Truth be told, though, what was deemed good performance back in the day is merely adequate now. British Leyland tweaked the TR6 with a more robust camshaft profile to improve flexibility and refinement in 1972, but this meant a 25bhp drop in power. As such, the TR6 relies more on its fabulous exhaust note than its ability to pin you to your seat as it heads for the horizon to set your pulse racing.
It’s a trade-off worth making, though, because the engine remains responsive and pulls strongly seemingly at idling speeds, removing the need for precision gearchanges and ensuring that the TR6 is as capable on undulating tight back roads as it is on dual carriageways. What’s more, there are several well-trodden routes to balance this deficit should you so choose, including replacing the occasionally truculent injection system with a pair of SU carburettors.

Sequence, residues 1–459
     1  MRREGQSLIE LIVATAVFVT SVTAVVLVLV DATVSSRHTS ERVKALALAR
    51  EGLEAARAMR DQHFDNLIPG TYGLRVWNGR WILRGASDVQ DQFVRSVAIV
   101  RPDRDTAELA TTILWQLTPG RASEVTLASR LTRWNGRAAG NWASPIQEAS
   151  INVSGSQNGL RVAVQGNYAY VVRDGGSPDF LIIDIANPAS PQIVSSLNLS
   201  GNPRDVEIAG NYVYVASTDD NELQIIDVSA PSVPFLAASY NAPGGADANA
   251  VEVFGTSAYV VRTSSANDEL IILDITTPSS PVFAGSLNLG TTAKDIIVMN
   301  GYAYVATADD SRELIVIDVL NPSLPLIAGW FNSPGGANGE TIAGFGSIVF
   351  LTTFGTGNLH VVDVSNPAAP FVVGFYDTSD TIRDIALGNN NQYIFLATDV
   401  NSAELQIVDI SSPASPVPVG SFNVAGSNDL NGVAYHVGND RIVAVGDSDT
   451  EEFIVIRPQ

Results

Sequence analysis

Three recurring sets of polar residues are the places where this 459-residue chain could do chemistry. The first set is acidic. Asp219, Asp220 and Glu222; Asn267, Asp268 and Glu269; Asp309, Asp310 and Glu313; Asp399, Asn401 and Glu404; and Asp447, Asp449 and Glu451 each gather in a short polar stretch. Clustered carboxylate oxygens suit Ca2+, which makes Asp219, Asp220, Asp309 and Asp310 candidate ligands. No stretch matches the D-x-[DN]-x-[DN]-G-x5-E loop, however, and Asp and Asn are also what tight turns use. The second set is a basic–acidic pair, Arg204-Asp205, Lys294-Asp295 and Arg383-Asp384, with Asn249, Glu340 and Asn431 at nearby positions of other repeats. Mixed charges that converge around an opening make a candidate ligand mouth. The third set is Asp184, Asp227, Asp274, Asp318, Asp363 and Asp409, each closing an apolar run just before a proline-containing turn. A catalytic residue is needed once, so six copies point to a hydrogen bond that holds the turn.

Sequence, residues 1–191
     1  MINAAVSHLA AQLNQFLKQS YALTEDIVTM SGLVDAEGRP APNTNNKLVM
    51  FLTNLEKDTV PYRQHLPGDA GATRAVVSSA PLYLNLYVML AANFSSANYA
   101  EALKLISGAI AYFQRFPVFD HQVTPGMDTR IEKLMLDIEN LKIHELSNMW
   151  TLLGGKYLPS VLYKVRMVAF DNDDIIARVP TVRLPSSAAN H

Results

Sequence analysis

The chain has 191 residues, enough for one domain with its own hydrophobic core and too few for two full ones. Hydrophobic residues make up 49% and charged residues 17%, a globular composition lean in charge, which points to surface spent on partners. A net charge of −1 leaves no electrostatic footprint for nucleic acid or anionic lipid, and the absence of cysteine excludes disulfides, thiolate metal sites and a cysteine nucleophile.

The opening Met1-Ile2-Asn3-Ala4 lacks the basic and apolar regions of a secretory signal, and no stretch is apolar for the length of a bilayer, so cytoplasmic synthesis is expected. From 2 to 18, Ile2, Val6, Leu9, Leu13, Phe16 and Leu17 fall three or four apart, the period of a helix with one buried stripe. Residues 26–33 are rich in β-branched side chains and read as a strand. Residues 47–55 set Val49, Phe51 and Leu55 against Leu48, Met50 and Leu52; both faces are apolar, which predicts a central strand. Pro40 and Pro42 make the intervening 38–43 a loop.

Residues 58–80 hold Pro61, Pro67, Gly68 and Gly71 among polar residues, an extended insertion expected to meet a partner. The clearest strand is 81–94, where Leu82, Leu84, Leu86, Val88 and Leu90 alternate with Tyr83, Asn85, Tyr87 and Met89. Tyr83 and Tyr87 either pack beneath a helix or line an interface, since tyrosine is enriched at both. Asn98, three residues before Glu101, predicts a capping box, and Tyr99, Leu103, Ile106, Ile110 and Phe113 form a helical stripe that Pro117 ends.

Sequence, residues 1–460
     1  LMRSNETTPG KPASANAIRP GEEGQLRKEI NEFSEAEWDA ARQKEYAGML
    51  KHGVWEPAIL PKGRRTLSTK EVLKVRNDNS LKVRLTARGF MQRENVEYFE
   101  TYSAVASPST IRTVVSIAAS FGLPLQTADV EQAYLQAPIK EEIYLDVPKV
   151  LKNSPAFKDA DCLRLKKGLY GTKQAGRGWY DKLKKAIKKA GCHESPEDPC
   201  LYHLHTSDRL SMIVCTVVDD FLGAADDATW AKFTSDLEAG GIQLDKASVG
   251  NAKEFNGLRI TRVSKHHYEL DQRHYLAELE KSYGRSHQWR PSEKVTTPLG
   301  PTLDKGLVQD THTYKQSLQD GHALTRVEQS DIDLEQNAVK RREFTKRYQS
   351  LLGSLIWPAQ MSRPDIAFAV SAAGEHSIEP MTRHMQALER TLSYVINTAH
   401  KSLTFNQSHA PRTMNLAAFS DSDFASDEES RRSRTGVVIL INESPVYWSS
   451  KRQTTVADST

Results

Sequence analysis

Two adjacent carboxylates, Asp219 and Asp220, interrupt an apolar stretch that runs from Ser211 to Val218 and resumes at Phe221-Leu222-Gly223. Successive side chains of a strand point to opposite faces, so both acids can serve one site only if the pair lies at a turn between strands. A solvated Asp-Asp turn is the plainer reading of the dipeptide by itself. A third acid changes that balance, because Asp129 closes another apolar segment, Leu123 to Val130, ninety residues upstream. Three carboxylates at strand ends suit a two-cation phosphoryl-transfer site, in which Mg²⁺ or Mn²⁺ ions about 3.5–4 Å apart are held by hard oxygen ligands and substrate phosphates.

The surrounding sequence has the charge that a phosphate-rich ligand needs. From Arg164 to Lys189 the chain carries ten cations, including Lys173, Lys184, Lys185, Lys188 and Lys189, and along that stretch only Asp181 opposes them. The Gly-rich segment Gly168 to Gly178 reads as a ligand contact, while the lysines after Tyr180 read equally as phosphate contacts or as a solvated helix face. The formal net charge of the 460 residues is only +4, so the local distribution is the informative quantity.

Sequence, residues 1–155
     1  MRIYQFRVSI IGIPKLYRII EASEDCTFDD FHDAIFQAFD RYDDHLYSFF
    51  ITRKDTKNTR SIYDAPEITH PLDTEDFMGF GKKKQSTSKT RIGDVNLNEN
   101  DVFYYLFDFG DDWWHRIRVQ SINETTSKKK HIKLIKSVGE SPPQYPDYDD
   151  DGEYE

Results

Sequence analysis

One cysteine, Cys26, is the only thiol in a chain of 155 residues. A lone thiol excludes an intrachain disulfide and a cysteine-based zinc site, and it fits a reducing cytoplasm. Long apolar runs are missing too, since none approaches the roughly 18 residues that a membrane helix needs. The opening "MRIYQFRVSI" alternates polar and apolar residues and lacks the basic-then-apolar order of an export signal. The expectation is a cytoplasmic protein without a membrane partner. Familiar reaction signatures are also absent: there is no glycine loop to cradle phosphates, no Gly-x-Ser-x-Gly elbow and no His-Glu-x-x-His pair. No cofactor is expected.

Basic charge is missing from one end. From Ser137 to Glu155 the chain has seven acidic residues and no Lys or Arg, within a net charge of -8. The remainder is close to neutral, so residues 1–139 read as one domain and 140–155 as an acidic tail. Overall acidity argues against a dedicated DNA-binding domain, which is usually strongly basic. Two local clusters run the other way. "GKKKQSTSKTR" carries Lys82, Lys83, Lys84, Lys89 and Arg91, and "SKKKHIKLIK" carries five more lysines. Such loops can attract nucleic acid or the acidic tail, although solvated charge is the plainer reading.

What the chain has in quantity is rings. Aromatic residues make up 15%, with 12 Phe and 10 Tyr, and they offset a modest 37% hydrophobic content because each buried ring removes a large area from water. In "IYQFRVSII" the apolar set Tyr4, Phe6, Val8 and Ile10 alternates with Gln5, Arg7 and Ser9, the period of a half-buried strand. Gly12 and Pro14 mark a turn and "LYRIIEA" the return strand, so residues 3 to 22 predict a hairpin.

‘Our’ car’s engine hasn’t been messed with and nor has its running gear. The TR6 features semi-trailing arm independent rear suspension and sits quite low to the ground. This, in addition to being stiffly sprung, makes for very stable cornering – there’s no hint of body roll from behind the wheel – while the slow in/fast out approach to sharper bends ensures that the car remains firmly planted to the road. It feels safe and inspires confidence.
Driving a TR6 enthusiastically does require a fair amount of effort on your part, however. The clutch is quite heavy and although the gearbox has a pleasingly short throw between changes, it’s quite agricultural so needs a dollop of muscle to engage each ratio. Most TR enthusiasts wouldn’t have it any other way, though.
This particular TR6 isn’t currently for sale – it’s actually part of a fleet of classic hire cars – however, it is exactly the sort of car that fans of these no-nonsense six-cylinder Triumph sports cars should be seeking out if their budget can’t stretch to current £21k average being paid.